Doctors told to stop using phrases like 'take a test' because they 'belittle patients'

Common phrases, often heard during appointments with the doctor, such as 'take' a test or 'send' somebody home could make patients feel 'childlike'

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Medics are calling for extra precaution in attempting to not "belittle" patients by demanding a revamp of language used by doctors.

Common phrases, often heard during appointments with the doctor, such as "take" a test or "send" somebody home could make patients feel "childlike".

Doctors are urged to substitute terms such as "denies" chest pain for "reports" as the previous term may imply the patient is doubted.

Medications "failing" to work also suggests the patient is at fault, according to the medics, and the term should therefore be replaced with "not effective".

Doctors have been warned about potentially 'belittling' patients.
Doctors have been warned about potentially 'belittling' patients.

Consultant physician Dr Zoe Fritz and junior doctor Dr Catriona Cox, both from the University of Cambridge, have put the recommendations forward.

The pair called for more empowering language in an editorial published in the British Medical Journal.

The proposed changes are "not a matter of political correctness" according to the two medical experts.

Doctors have been warned about potentially coming across as patronising.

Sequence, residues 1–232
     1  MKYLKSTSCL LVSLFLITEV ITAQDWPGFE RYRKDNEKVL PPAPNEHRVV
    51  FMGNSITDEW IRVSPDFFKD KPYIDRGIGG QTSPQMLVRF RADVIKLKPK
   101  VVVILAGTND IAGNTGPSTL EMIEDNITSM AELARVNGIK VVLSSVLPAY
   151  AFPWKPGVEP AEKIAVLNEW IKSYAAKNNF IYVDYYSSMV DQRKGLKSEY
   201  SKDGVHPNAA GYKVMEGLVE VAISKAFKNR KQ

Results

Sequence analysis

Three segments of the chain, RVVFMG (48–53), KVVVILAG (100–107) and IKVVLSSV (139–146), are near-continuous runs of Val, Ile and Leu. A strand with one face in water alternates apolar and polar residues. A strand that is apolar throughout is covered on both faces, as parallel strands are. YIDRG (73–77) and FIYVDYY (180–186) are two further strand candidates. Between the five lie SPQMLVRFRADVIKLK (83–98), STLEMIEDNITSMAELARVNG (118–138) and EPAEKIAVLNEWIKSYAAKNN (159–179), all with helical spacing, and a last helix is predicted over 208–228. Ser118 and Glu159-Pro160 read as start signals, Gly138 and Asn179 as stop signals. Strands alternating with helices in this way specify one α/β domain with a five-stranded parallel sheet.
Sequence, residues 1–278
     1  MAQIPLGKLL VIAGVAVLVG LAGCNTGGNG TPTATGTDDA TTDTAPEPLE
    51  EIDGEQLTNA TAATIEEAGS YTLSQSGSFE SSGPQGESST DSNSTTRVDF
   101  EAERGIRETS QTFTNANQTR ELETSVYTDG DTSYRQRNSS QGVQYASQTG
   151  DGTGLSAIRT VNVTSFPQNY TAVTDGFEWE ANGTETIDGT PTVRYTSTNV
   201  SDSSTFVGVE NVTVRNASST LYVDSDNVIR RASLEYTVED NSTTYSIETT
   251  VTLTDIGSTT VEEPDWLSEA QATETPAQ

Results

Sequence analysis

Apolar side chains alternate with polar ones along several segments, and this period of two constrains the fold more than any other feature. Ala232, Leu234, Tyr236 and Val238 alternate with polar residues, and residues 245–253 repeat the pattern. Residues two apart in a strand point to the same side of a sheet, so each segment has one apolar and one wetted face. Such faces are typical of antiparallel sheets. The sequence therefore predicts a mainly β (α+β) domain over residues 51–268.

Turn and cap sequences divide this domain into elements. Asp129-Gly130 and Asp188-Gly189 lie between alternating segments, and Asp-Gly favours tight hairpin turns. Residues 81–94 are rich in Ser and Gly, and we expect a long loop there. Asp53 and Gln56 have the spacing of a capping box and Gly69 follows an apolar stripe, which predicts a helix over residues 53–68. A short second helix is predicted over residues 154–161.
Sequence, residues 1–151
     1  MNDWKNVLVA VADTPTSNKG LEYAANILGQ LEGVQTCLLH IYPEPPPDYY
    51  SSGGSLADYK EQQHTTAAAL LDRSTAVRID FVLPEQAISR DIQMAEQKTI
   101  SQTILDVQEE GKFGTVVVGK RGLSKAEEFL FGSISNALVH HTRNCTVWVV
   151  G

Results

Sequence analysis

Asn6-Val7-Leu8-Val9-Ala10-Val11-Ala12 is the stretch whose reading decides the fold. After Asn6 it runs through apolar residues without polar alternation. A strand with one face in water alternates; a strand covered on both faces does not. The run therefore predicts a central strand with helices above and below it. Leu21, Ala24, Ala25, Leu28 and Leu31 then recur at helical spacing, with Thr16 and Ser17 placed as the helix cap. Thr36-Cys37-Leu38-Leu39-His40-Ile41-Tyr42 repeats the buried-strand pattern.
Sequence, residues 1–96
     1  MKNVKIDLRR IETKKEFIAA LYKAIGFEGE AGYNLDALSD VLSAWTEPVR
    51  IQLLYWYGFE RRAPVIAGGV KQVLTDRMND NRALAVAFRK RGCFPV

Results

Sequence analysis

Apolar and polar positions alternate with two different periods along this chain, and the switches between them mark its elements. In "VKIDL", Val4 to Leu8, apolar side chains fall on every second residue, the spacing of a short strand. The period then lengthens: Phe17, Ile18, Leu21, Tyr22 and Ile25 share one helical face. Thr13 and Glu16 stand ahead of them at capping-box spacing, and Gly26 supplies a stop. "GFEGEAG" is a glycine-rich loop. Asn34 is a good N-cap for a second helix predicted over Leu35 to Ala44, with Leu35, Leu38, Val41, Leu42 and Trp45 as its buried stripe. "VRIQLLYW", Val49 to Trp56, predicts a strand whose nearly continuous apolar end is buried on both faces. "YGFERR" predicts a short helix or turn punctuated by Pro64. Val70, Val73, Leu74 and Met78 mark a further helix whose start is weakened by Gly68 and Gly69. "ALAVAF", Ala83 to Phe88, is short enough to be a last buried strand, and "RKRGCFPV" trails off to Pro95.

Doctors have been warned about potentially coming across as patronising.

The pair warn that certain words or phrases could "insidiously" affect the relationship between doctors and patients.

Doctors may come across as patronising when urging patients to "take" something such as medicine, they say, as it may emphasise the doctor's position of power.

Reporting a patient 'complaint' could cause fractures in the relationship between the doctor and the patient according to the medics.
Reporting a patient 'complaint' could cause fractures in the relationship between the doctor and the patient according to the medics.

Negative connotations could also be attached when reporting a patient's "complaint," they argue, and words such as "problem" or "concern" should be used instead.

A great deal of the language used is deeply ingrained in the medical culture, to an extent where it is used unthinkingly by clinicians, Dr Cox and Dr Fritz write.

The pair feel clinicians should consider how their language affects attitudes and choose a language that garners trust in the relationship.